PODCAST: Consumers fight back in shopping

Customers leave Wal-Mart with their purchased items Thanksgiving day on November 28, 2013 in Troy, Michigan. Black Friday shopping began early this year with most major retailers opening their doors on Thanksgiving day as consumers took advantage of discounted prices to prepare for the holiday season.

Stores are counting receipts from the four-day shop-o-rama.  Five days if you count so-called Cyber Monday, when everybody used work computers to get through their holiday list digitally.  IBM reports the online sales were up 20 percent from a year ago.  Juli Nieman, analyst at Smith Moore and Company in St Louis, says consumers are holding the line on some things.

Also, China is responding to an American trade grievance by taking the issue to the World Trade Organization. U.S. officials believe China has sold solar panels and other goods below cost and has hit $8 billion worth of Chinese imports with punitive anti-dumping duties. China will argue that's not fair.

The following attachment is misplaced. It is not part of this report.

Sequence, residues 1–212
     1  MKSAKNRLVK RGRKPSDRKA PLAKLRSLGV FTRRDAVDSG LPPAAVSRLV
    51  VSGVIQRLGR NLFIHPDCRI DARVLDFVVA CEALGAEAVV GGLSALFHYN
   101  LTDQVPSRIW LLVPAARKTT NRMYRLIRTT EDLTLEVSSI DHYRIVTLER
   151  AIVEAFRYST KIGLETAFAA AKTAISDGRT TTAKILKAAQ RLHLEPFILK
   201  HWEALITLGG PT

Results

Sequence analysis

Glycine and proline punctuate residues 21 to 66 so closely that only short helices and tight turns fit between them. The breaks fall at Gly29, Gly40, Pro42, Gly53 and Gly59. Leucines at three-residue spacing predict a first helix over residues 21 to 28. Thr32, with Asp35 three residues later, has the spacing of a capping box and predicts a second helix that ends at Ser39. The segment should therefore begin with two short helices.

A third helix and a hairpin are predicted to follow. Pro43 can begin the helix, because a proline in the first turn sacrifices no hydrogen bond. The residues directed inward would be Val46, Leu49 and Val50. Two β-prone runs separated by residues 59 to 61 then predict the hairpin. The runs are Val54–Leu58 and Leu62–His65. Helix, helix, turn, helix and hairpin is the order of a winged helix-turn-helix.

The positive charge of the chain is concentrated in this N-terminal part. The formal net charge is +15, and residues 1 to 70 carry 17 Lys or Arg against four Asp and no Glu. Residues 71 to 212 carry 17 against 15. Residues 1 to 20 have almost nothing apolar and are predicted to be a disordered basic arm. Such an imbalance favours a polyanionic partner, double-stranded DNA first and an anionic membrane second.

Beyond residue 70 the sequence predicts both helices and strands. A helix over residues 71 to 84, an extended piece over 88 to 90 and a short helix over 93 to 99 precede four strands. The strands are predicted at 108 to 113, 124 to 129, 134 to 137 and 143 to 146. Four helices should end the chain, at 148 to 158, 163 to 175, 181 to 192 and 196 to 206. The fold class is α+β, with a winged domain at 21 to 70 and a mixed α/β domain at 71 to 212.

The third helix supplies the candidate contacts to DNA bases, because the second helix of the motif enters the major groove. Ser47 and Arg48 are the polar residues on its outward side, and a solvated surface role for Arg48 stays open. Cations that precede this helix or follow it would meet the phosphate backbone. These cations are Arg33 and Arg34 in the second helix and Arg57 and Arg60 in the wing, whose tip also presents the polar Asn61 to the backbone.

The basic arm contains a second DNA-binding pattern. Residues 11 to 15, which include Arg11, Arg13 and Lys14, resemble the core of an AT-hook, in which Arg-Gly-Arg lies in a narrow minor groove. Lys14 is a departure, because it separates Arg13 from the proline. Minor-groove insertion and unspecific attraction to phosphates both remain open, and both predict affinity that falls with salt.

They call them "native ads." Advertisements that wear camouflage. They blend in with the main content of the site … like a sneaky promotional Tweet from a smartphone company about the awesomness of its phone. Now, the Federal Trade Commission digs into native advertising. 

About the author

David Brancaccio is the host of Marketplace Morning Report. Follow David on Twitter @DavidBrancaccio


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